"It is most likely the work of Islamic fundamentalists. Osama bin Laden warned three weeks ago that he would attack American interests in an unprecedented attack, a very big one," Abdel-Bari Atwan, editor of the London-based al-Quds al-Arabi, an Arabic-language weekly news magazine, said.

"Personally, we received information that he planned very, very big attacks against American interests. We received several warnings like this. We did not take it so seriously, preferring to see what would happen before reporting it."

Bin Laden is suspected of residing and running terrorist training camps in Afghanistan.

A spokesman for the ruling Taliban organization in Afghanistan today said he couldn't rule out bin Laden was involved.

Asked, through translation, whether he could rule out bin Laden involvement, spokesman Wakil Ahmed Mutawakel responded: "No, up until now, no one has blamed or accused or him."

"We criticize terrorism in all its forms," he said in a news conference in Kabul, Afghanistan.

The Hunt

It may be most difficult determining the identities of those persons directly responsible, since they died in the suicide attacks.

"It's likely we're probably never going to know who the people were who actually were on board the aircraft, and it will be very difficult to trace who those people were," says Tim Brown, a counterintelligence expert also with GlobalSecurity.com.

Whether bin Laden's group or some other group was behind it all will take, in part, a massive review of intercepted global communications gathered prior to today.

"Unavoidably, they're going to have to go back through everything they've previously collected and see what if anything they missed," says Pike.

"That's like trying to look for the gene that causes Alzheimers," says Brown. "They're going to have to go through tons and tons of data and they may never have even had the tidbit they needed."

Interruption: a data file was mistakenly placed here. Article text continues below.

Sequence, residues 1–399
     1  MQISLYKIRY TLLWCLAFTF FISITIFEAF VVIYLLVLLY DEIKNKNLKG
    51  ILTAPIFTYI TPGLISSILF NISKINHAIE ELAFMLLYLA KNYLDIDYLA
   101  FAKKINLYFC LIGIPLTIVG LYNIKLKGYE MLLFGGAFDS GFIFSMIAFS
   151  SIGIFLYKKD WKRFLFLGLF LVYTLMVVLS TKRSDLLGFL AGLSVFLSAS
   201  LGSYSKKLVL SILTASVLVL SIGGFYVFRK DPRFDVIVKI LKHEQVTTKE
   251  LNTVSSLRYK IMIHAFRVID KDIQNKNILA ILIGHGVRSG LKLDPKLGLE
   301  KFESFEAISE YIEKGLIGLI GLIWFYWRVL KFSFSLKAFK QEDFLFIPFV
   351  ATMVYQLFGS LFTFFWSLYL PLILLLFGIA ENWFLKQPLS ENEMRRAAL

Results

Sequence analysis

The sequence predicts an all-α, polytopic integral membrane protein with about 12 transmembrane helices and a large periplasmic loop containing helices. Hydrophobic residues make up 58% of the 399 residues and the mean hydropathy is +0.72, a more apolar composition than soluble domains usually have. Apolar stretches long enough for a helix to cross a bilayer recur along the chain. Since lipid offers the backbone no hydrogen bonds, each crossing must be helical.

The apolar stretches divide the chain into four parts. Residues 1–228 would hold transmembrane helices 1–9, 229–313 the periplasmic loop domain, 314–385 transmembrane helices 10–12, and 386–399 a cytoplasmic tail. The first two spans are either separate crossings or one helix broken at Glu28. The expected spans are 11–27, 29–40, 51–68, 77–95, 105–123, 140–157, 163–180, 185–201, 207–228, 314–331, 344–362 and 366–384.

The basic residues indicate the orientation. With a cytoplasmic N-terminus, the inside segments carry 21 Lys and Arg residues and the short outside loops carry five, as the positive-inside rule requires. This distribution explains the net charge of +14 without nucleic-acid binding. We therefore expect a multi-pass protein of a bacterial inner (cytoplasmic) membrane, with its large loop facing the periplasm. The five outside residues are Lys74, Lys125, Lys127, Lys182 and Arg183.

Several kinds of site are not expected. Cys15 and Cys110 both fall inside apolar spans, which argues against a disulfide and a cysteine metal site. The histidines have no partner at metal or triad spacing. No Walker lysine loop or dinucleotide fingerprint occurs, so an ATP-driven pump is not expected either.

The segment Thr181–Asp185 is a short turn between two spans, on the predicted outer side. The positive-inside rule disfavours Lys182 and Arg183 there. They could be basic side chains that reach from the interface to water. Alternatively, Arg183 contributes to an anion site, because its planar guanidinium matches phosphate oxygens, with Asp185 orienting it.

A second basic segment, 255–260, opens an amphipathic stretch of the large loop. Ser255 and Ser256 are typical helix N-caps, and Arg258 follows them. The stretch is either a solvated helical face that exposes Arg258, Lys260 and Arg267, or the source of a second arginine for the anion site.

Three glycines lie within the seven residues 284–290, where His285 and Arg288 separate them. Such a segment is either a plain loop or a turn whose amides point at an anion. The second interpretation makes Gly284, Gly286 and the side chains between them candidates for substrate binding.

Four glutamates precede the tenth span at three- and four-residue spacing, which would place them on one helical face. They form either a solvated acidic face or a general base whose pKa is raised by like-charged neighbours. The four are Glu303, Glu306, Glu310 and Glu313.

Today, Sept. 11, in History

1997 Scots voted to create their own Parliament after 290 years of union with England.
1985 Pete Rose of the Cincinnati Reds recorded his 4,192nd hit, breaking Ty Cobb's career record.
1965 The 1st Cavalry Division (Airmobile) arrives in South Vietnam and is stationed at An Khe.
1962 Thurgood Marshall is appointed a judge of the 2nd Circuit Court of Appeals.
1944 American troops enter Luxembourg. More than 6,000 trucks of the Red ball Express kept gasoline and other vital supplies rolling in as American troops and tanks pushed the Germans back toward their homeland.
1941 Ground was broken on construction of the Pentagon.
1916 The "Star Spangled Banner" is sung at the beginning of a baseball game for the first time in Cooperstown, N.Y.
1864 A 10-day truce is declared between Gens. Sherman and Hood so civilians may leave Atlanta, Ga.
1885 Author D.H. Lawrence was born in Eastwood, England.
1814 U.S. forces led by Thomas Macdonough route the British fleet on Lake Champlain.
1789 Alexander Hamilton was appointed the first U.S. secretary of the treasury.
1786 The Convention of Annapolis opens with the aim of revising the Articles of Confederation.
1777 General George Washington and his troops are defeated by the British under Gen. Sir William Howe at the Battle of Brandywine in Pennsylvania.
1297 Scots under William Wallace defeat the English at Stirling Bridge.